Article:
A spokesperson for Starmer’s office called the accusations “desperate nonsense”, and defended the Labour leader’s record on combatting terrorism.
The Rwanda Plan
The plan which Piers questioned Sunak about is the UK’s plan to deport illegal immigrants and illegal asylum seekers to Rwanda. However, the plan has been bogged down by a series of delays and court orders, leading many to be unsure if Sunak will truly be able to pass the present bill, the Safety of Rwanda bill, in order to legally be able to perform such actions.
The Safety of Rwanda bill seeks to establish Rwanda as a ‘safe’ country according to UK law. The reasoning for this is a deal the UK has signed with Rwanda in order to deport illegal immigrants and illegal asylum seekers to Rwanda, meant to be a deterrent for small boat crossings into the UK from the English Channel.
The deal and relevant legislation, however, were struck down by the UK’s supreme court in November on the grounds that Rwanda was not a ‘safe’ country for those being deported. The court claimed that deportees could face mistreatment in Rwanda, deportation from Rwanda to their nation of origin or a third country, and that Rwanda’s capabilities to receive an influx of deportees from the UK was not good enough.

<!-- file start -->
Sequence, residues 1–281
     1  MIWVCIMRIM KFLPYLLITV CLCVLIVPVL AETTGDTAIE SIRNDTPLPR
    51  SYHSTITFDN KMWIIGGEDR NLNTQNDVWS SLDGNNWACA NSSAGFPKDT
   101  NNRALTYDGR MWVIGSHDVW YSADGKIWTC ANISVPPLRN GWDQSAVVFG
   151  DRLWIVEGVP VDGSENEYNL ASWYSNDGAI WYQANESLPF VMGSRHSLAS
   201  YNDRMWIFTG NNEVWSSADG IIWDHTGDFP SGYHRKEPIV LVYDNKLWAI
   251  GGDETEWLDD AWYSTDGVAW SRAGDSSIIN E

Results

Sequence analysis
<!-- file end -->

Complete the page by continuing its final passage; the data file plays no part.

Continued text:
UK Prime Minister Rishi Sunak and conservative MP James Cleverly tabled the Safety of Rwanda bill in response, after signing a new agreement with Rwanda. The new agreement, signed December 5th, 2023, carries with it provisions to ensure that people sent to Rwanda cannot be deported from Rwanda to another country.
Additionally, the bill seeks to halt legal challenges from entities outside the UK, such as the European Court of Human Rights, which has prevented deportations to Rwanda in the past. PM Sunak said the “decision will lie entirely with ministers”.
As a part of the whole plan, the UK has paid Rwanda 240 million British pounds (302 million USD), and is set to pay them 50 million more. Questions have been raised as to if the UK would receive back those funds if the Rwanda plan fails to ever take off.
The answer to these questions is rather inconclusive thus far. Speaking to a BBC journalist at the sidelines of the World Economic Forum summit in Davos, Rwandan President Paul Kagame stated that the money was “only going to be used if those people will come. If they don’t come, we can return the money”.
However, in a government statement later released, the Rwandan government stated that “under the terms of the agreement, Rwanda has no obligation to return any of the funds paid”. They further added that if the UK requests a refund, it would be considered.
In a press conference held by PM Sunak the day after the bill passed the House of Commons, Sunak was asked about the potential refund, and if he would “fight to return taxpayers money” should the plan fail. Sunak did not explicitly answer the question, stating it was his full intention to ensure that the plan succeeds and that planes take off for Rwanda “by Spring”.
Stop the Boats
The Rwanda deportation plan is the flagship of PM Sunak’s ‘Stop the Boats’ initiative, which is meant to deter illegal immigrants from making the journey across the English Channel to the UK. The journey is very dangerous, and one oftentimes organized by human trafficking groups. Journeys made by migrants to various destinations in Europe regularly result in fatalities after the usually poor quality and often overcrowded boats capsize.